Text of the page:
So, its Summer, well…….. so the weathermen & ladies say, with variable temperatures and inconsistency being the order of the day in recent months, it seems hard to believe!
If you have read my recent posts you will know I have been eager to get fishing on Borwick fisheries, Carnforth since my winter session on Fingal’s fishpond which resulted in some great fish despite the subzero temperatures.
In true form, time hasn’t been on my side as i’m sure many of you find these days with the pressures of life and work, however God loves a trier and persistence prevailed and my wish finally came true.
Chatting with the bailiff’s at Borwick it appears that many Anglers have forgotten the art of Hemp & Tares fishing, with this in mind I thought it would be helpful to prove just how effective this method can be.
Electing to fish Jimmy’s lake on the advice of Dave the bailiff which hold a massive head of quality Roach to over 3lb plus specimen Carp, Tench, Catfish plus much more, I target my quarry armed with 13m Pole, some hemp & tares fresh from the biat bank onsite at Borwick Fisheries.
Peg 5 is the chosen swim and upon arrival, its evident the shear volume of fish in the lake with plenty of movement close in to far out, with some quite frankly massive Carp moving around the margins.
Electing to try and avoid the lovely Carp in favour of catching the quality Roach held in this water, I plumb the depth at 6-8 metre’s just past a slight marginal shelf and elect to fish here with a simple on the drop float rig, relatively light tackle considering the specimen fish in the lake.
When fishing hemp & tares its important to avoid using split shot as these can easily be confused as bait by teh fish and have you striking into thin air all day long, using olivette weights strung equidistant along the 4-5ft length and fishing just off bottom I begin to feed.
Initially a small handful of hemp with a few loose offerings of the tasty tares I will be fishing on the hook are thrown with deadly accuracy into the line, this if follow with a steady trickle of 10-12 loose offerings each cast. It doesn’t take long (15 mins) before a small Roach snatches the tare on the size 6 hook and the fish fish of the day is in the net. (A good quick start is what you would expect with this method)
Rhythm is what you are after when fishing for quantity, as this will build a weight quickly and eventually attract the bigger fish into your swim, increasing or decreasing the trickle of bait being added will often result in the change of target species you might require in a match (I’m told) .
Now bites on hemp and tare can be fast and furious, its important to keep a relatively short line between pole tip and float in order to make contact with the fish quickly, making sure you can fish comfortably taking into account wind and extra length required to lay on should you decide to target bottom feeding fish such as the Carp or Tench.
A steady procession of small Roach continue to grace the net and with constant feeding for around an hour the fish size gradually begin to increase, all Roach being caught on single Tare fished on the drop, as the fish get bigger I try to increase the amount of bait being added each cast to 20-30 freebies, this works for a while with several fish of over a pound coming regularly until the swim goes awfully quiet.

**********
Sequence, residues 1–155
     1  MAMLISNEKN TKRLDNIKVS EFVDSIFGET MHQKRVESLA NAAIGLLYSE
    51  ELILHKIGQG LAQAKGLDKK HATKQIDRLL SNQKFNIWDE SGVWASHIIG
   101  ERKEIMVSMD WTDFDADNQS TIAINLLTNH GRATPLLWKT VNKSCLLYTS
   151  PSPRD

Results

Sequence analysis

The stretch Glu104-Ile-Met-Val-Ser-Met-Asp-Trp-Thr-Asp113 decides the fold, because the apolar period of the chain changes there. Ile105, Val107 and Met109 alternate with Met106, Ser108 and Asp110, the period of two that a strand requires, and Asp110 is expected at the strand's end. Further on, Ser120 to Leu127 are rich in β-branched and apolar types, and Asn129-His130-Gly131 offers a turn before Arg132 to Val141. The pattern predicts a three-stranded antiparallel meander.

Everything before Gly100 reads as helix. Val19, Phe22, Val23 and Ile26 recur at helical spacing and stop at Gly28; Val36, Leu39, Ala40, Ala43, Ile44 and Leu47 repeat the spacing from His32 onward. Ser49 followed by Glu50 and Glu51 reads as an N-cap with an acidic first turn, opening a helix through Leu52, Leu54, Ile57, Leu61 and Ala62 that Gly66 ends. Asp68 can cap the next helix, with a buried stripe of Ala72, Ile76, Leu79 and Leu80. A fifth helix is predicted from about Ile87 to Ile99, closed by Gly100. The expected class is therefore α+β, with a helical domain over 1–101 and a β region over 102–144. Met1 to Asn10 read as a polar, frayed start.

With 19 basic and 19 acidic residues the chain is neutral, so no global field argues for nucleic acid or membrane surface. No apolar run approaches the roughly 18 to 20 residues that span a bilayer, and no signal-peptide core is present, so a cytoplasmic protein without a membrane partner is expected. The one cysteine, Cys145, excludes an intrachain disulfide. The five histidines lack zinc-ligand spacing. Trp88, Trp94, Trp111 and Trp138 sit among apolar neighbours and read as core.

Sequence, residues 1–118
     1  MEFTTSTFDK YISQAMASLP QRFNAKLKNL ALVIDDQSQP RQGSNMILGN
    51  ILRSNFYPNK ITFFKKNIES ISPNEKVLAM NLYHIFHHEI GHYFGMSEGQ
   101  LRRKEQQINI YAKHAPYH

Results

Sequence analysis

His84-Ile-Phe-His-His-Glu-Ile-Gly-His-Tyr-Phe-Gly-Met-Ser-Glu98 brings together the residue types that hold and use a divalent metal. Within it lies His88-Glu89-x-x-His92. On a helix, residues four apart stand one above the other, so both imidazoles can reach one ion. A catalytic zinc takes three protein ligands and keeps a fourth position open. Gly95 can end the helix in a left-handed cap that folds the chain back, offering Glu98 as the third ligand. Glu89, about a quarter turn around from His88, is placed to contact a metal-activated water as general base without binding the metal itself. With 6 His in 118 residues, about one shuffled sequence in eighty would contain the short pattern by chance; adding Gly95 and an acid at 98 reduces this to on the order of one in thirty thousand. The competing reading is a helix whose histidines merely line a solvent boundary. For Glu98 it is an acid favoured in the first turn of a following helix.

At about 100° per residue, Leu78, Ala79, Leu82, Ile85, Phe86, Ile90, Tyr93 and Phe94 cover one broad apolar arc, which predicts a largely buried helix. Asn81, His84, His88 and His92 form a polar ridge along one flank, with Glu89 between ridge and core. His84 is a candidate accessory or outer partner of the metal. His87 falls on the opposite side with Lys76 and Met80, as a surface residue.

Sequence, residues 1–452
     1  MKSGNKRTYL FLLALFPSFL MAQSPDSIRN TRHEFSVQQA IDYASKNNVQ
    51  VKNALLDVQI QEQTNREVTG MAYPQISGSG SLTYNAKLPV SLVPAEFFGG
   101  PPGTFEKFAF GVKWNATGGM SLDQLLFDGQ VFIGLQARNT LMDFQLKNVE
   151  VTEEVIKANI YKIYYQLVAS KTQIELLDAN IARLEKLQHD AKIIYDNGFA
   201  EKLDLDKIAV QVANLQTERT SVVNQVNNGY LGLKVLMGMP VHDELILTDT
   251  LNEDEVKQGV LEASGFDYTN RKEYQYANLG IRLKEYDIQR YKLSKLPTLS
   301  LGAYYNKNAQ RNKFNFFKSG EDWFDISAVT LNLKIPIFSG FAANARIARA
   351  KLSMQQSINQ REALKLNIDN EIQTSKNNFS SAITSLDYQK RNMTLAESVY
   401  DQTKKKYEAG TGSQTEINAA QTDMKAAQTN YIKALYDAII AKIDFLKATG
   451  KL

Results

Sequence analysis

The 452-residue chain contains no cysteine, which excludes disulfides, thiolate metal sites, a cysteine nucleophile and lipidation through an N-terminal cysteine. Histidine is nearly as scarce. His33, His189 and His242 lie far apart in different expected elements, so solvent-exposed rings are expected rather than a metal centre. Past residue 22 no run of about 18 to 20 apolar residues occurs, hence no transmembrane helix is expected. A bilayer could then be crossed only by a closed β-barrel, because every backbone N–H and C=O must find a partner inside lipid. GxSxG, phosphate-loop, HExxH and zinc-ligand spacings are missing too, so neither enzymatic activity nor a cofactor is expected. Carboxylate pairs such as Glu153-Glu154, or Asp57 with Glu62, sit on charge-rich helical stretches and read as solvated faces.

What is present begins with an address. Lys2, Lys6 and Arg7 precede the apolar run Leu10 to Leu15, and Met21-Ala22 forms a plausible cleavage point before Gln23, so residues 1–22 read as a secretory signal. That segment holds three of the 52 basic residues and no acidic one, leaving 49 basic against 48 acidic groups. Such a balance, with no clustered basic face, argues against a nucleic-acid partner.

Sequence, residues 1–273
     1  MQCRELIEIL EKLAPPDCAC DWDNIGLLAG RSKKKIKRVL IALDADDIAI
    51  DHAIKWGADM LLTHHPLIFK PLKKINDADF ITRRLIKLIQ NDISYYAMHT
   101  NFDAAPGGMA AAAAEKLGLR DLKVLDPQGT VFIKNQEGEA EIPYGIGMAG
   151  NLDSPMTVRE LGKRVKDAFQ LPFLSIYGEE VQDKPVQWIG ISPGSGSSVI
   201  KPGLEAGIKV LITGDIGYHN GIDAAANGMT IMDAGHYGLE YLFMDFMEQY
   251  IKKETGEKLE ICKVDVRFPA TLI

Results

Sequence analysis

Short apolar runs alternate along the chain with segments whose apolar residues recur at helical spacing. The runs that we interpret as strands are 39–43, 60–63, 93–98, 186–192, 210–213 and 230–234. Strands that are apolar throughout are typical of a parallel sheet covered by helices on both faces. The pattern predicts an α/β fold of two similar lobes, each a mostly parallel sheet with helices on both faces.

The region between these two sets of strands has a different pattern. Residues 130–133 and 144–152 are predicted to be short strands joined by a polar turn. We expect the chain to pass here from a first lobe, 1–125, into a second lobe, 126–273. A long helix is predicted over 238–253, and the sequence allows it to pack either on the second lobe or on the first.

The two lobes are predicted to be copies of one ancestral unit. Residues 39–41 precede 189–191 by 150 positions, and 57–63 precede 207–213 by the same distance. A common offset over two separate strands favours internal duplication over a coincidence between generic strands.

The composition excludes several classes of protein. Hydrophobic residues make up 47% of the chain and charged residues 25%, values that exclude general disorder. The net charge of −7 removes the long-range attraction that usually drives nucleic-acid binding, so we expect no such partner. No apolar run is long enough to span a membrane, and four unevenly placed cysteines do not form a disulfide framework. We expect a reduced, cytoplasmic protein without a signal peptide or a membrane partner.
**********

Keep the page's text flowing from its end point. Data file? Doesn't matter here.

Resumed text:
Watching the water I notice some disturbance under the surface which indicates some larger fish have moved into the swim, not ideal as I’m targeting quality Raoch on light gear I don’t want to risk drawing in the very large Carp which have been swimming close by, a piece of sweetcorm as a change bait produces a lovely 4lb Tench which put up a great scrap on light gear. Fearing for my tackle I elect to ease off on the feed rate to attract the Roach back into the swim and up in the water which seems to work for a while, around 2 hours in and the weight in building nicely, with a mixture of smaller to medium sized Roach and a bite a chuck.
Suddenly a quite spell as the sun glares onto the water the mild breeze stops and lunchtime is upon me. Seems to be the case sometimes so I decide to try the feeder to a few hours, groundbait and maggot around 30m out, into quite weedy water about 5-6 feet deep, it produces an eel, a small Roach & a thumping bite which I missed by a mile! Time wasted really as if I was in a match I wouldn’t have stuck this out for quite as long, at least it gave me a break from fishing he pole which can be quite intense at times.
Whilst fishing the feeder I should have been continuing to drip feed the pole line as if I was fishing it, however I got lazy, not good if you want to keep catching and I pay for the mistake in the last few hours, effectively I have to start building the swim again, resulting in small Roach to add to the weight and very finicky bites, I opt to call it a day and take a look in my net to see what I have ……. not bad, i’d estimate over 30lb good Roach with the bonus Tench and no lost rigs to Carp, success of sorts, although next time I hope to catch the specimen Roach in this water which are present in good numbers, on another day with full concentration this could well be in excess of 100lb Roach, a red letter day if ever there was one.
Why not give hemp & tares fishing at try at Borwick Fisheries, its frantic action, has great potential for a specimen and relatively low cost at under 20 quid for your day ticket and bait (which can be bought onsite from Bait Bank) Tighlines.